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Renovation5 min

What’s the Difference Between Composite vs. Engineered Wood Siding?

When deciding to re-side your home, it can be difficult to get a handle on all the terms. It’s exciting once you start researching siding options for appearance and inspiration, but understanding the substrate specifics can be daunting. It’s important to learn the key differences before jumping into a decision.

A good place to start is understanding the difference between composite siding vs. engineered wood siding, as composite siding is one of the most popular options around. Traditionally, composite siding is made up of fibrous wood pieces as a base that is bonded with additional materials. However, there are also composite siding options that do not use wood as the base (for example using cement instead). There are many different composite siding options to choose from, with one of those being engineered wood siding.

Specifically, LP® SmartSide® Trim & Siding is an engineered wood siding that features proprietary technology for protection against hail, wind, moisture, fungal decay and termites. LP SmartSide Trim & Siding is made of Aspen, a light wood that includes minimal extractives or tannins that could stain and bleed through, which helps improve appearance. During the manufacturing process, the product is cut and sliced into strands.

“The strand size is important,” said Matt Vrazel, the Process and Product Development Manager at LP Building Solutions. “If the strand is too small, it compromises strength. If the strand is too large, it creates too many variations in density.” 

LP SmartSide siding is made up of wood strands about the size of a business card that are coated with a moisture-resistant overlay and compressed to create superior strength. It is treated with zinc borate that a) is proven to resist termites and fungal decay, b) manufactured to resist moisture and c) provides extreme durability to stand up to impact.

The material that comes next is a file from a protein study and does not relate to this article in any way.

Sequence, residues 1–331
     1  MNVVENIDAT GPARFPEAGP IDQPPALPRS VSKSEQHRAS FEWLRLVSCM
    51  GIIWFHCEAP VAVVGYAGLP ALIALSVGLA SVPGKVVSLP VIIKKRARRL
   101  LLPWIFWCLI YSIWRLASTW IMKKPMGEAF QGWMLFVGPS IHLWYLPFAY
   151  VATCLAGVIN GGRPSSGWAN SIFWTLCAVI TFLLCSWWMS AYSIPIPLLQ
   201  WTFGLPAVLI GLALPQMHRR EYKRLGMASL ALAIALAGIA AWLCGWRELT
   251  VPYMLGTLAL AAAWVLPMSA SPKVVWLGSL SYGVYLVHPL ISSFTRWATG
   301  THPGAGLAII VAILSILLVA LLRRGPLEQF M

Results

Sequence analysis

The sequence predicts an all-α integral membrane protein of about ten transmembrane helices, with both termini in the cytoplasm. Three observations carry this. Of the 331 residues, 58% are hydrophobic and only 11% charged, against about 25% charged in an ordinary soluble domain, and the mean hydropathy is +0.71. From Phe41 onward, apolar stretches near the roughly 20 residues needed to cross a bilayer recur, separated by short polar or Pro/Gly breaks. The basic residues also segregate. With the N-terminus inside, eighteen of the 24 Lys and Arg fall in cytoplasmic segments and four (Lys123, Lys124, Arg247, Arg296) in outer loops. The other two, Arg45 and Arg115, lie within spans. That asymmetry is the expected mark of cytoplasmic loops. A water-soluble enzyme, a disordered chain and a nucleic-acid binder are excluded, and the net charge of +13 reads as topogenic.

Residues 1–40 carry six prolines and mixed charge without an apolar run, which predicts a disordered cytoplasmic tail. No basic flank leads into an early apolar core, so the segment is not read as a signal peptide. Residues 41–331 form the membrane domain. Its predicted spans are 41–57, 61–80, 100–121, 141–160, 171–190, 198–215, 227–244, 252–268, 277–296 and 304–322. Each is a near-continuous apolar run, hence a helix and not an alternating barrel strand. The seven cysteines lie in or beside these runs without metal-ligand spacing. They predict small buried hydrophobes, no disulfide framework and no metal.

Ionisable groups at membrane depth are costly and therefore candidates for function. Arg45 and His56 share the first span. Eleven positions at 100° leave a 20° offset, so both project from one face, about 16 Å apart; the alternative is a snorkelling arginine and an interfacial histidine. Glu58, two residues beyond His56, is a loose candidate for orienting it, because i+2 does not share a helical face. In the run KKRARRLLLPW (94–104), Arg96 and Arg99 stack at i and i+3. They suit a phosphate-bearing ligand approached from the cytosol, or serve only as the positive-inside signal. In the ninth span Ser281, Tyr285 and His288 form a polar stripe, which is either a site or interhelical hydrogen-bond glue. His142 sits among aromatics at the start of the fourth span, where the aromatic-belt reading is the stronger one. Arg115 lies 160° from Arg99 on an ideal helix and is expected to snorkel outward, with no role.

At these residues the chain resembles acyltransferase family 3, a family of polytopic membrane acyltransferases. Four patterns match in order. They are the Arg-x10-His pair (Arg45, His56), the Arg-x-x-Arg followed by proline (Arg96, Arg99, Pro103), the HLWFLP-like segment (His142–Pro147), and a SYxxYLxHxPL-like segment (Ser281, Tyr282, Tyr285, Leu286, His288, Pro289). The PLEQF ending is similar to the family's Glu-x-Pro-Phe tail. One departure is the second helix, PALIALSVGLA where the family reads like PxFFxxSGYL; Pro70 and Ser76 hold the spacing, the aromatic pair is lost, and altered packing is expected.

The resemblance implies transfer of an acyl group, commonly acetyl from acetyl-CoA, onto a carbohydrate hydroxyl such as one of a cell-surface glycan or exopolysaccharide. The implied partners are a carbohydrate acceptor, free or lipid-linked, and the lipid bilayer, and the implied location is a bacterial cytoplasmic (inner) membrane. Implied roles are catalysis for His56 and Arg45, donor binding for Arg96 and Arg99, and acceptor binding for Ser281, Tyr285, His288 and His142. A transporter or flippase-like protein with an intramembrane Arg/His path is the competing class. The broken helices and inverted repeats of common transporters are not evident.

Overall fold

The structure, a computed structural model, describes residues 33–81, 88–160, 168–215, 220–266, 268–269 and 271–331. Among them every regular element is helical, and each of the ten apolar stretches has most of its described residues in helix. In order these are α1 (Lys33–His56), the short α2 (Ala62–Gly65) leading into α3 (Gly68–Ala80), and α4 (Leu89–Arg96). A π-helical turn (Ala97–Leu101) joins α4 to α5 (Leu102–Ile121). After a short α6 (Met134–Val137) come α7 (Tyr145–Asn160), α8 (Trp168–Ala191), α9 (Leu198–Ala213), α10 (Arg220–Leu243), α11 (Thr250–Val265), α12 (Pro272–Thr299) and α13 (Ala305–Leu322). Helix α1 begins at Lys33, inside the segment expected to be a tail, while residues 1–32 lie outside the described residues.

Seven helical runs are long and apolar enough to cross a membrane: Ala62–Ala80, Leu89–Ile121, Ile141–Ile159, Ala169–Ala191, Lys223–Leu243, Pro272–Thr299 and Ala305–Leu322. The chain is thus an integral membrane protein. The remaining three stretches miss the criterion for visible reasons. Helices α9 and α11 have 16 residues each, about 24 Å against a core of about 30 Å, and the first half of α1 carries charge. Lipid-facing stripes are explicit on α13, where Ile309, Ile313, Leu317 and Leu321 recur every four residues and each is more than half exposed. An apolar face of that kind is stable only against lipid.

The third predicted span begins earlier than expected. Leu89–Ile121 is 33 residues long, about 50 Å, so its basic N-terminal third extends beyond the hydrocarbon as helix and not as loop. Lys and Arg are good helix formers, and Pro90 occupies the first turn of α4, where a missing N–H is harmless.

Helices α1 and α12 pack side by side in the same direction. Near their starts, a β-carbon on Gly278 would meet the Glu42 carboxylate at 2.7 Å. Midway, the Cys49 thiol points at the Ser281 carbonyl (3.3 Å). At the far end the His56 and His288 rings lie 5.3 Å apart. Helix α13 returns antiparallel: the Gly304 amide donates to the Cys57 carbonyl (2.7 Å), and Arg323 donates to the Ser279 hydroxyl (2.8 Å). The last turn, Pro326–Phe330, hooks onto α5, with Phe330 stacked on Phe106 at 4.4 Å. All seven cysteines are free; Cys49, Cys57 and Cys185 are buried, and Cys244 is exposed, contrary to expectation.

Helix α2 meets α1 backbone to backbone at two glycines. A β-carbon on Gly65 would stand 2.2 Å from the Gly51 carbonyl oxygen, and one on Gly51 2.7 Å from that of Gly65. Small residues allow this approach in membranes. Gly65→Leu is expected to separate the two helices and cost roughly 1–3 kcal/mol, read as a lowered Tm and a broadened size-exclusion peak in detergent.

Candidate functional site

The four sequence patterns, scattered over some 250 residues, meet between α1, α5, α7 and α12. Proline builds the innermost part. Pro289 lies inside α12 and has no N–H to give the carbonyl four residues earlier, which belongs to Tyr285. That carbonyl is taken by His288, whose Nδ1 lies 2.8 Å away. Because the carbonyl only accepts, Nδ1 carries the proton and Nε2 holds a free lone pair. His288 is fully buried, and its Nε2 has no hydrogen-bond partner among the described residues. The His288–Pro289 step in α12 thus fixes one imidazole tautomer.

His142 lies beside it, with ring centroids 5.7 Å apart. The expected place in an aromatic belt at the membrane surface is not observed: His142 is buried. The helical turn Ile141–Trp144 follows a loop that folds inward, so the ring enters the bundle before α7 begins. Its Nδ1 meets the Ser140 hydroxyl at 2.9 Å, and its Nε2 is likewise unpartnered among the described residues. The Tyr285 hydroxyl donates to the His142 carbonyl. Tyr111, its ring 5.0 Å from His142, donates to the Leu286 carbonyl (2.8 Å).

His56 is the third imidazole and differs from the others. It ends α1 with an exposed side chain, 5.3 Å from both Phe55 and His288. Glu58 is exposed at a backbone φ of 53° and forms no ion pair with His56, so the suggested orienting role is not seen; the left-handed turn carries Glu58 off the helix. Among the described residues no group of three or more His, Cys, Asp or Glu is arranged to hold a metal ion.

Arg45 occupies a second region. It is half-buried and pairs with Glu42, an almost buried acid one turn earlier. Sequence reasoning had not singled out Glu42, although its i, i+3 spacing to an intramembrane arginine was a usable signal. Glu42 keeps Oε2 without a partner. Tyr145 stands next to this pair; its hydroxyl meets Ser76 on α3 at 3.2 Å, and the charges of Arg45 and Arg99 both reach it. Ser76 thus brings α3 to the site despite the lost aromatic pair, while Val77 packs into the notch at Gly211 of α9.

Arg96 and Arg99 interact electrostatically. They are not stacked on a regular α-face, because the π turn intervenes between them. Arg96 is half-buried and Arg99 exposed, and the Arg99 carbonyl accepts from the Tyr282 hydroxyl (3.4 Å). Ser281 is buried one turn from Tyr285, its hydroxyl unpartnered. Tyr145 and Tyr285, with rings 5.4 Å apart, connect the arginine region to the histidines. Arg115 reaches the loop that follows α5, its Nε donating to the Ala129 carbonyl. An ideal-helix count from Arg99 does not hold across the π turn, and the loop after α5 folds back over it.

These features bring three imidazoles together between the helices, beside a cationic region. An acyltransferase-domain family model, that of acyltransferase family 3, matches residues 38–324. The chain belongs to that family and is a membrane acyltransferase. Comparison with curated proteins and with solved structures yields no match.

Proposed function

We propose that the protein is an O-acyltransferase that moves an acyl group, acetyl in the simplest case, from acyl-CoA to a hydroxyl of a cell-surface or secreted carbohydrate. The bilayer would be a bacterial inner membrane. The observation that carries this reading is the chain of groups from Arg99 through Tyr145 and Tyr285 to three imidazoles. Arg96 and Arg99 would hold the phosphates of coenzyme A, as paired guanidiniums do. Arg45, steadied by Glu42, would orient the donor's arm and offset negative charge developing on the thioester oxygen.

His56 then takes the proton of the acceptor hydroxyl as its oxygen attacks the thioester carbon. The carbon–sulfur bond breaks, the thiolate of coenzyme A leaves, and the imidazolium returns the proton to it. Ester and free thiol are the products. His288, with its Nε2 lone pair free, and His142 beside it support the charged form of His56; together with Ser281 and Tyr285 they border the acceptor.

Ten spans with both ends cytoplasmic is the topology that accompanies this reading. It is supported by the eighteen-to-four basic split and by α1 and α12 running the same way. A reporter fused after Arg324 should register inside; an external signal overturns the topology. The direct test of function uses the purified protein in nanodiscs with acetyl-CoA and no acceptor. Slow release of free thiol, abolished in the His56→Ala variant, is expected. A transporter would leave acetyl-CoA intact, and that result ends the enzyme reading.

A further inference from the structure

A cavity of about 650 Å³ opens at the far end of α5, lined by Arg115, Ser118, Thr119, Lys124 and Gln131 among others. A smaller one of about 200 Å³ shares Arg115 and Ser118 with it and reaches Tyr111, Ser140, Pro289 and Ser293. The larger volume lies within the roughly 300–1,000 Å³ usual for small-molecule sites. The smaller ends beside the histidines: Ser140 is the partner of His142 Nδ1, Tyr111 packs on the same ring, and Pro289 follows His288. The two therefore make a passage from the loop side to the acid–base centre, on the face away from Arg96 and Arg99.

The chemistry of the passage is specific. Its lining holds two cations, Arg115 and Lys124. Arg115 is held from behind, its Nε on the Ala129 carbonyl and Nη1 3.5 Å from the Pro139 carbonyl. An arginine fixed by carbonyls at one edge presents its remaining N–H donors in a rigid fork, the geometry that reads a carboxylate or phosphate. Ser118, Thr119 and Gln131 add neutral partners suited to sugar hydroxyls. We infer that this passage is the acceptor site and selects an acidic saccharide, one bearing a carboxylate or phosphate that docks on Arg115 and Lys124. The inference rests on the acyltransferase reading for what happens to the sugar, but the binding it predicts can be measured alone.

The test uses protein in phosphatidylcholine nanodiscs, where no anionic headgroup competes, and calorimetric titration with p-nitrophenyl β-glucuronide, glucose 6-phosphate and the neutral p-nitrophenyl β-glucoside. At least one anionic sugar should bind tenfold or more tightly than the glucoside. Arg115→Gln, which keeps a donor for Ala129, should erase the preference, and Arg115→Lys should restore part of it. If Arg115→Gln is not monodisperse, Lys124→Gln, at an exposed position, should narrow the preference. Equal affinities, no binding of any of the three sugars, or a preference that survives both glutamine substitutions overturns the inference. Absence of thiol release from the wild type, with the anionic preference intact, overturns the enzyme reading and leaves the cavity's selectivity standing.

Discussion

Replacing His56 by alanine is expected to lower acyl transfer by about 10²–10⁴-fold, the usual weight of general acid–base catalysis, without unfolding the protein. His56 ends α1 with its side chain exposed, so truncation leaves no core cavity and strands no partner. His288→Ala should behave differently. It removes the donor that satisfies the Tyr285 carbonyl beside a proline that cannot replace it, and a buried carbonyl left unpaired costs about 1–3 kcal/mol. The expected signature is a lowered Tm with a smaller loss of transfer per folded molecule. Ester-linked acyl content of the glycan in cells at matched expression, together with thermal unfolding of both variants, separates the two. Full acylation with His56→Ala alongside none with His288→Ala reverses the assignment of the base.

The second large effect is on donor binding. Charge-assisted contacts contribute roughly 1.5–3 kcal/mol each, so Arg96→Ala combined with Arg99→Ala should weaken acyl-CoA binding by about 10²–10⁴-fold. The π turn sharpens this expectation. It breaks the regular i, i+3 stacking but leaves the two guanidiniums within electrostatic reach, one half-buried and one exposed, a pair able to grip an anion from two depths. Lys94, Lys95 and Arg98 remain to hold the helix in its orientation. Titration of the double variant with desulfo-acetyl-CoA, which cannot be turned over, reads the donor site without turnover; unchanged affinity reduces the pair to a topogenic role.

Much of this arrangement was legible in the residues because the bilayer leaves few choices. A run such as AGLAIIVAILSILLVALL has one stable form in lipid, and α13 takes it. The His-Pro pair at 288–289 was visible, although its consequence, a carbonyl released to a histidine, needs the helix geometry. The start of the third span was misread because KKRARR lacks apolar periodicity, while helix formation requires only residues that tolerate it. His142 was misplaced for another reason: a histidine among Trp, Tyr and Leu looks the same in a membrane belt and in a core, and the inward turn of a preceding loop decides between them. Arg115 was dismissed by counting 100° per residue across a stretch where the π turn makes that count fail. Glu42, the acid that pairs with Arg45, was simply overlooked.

If your contractor uses the term “composite siding,” be sure to ask for further clarification. Since you now know that composite siding is a broad category with many options under its vast umbrella, you are well on your way to being a pro when selecting one that you will be happy with for the years to come.

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Trends4 min

Everything You Need to Know About Board & Batten Siding

Board and batten style siding is enjoying a resurgence as a way to create visual interest in an otherwise blank wall. So, what is “board and batten?” It’s a type of siding where thin strips of wood molding—or “battens”—are placed over the seams of panel boards. The result is an aesthetic that is both rustic and chic, with the strong vertical lines providing shadows and textures to the home exterior.

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Renovation5 min
Homeowner’s Guide to Remodeling a Historic Home

The story behind your home offers a fascinating glimpse into the people who lived in it as well as how your home fits into the larger story of your city. If you want to remodel your historic home’s exterior, experts advise visiting your local historic preservation commission. If your home lies within the historic overlay district, these commissions often have authority to set rules not only on the visual aesthetic, but the materials as well.

Trends3 min
Mixing Siding with Different Exterior Textures

Mixing different types of siding can give your home individuality and visual appeal, but it can also be difficult to execute correctly without guidance. While some homeowners mix materials to create a contemporary look, others already have a mixed materials home exterior that needs an update. We’re breaking down practical tips to pair exterior materials for a beautiful home.

Maintenance3 min
When to Replace Old, Decaying Siding

Fungal decaying siding can cause a multitude of problems such as improperly heating and cooling your home and even compromising its structure. Many times, fungal decay is hidden and homeowners may not know how to spot the warning signs. And if they do, it can be difficult to gauge whether it’s time for a siding replacement or repair. But have no fear. We’re offering an in-depth guide on the signs to spot fungal decay and, more importantly, what to do next.